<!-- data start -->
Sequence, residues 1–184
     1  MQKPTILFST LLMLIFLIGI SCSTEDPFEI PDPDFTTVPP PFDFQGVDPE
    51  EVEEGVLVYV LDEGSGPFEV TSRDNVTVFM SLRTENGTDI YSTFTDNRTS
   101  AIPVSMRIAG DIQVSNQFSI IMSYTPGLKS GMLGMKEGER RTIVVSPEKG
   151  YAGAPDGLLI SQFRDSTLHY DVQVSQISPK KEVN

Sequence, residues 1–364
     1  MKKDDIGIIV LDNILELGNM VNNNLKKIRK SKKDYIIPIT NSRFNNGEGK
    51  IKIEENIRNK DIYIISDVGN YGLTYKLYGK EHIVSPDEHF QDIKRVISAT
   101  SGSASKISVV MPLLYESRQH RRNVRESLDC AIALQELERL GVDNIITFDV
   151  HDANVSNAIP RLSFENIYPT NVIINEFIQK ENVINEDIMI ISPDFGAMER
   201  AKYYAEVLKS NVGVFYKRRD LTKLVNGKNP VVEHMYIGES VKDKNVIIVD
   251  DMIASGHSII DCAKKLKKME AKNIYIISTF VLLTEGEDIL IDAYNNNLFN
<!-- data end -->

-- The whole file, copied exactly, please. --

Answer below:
Sequence, residues 1–184
     1  MQKPTILFST LLMLIFLIGI SCSTEDPFEI PDPDFTTVPP PFDFQGVDPE
    51  EVEEGVLVYV LDEGSGPFEV TSRDNVTVFM SLRTENGTDI YSTFTDNRTS
   101  AIPVSMRIAG DIQVSNQFSI IMSYTPGLKS GMLGMKEGER RTIVVSPEKG
   151  YAGAPDGLLI SQFRDSTLHY DVQVSQISPK KEVN

Sequence, residues 1–364
     1  MKKDDIGIIV LDNILELGNM VNNNLKKIRK SKKDYIIPIT NSRFNNGEGK
    51  IKIEENIRNK DIYIISDVGN YGLTYKLYGK EHIVSPDEHF QDIKRVISAT
   101  SGSASKISVV MPLLYESRQH RRNVRESLDC AIALQELERL GVDNIITFDV
   151  HDANVSNAIP RLSFENIYPT NVIINEFIQK ENVINEDIMI ISPDFGAMER
   201  AKYYAEVLKS NVGVFYKRRD LTKLVNGKNP VVEHMYIGES VKDKNVIIVD
   251  DMIASGHSII DCAKKLKKME AKNIYIISTF VLLTEGEDIL IDAYNNNLFN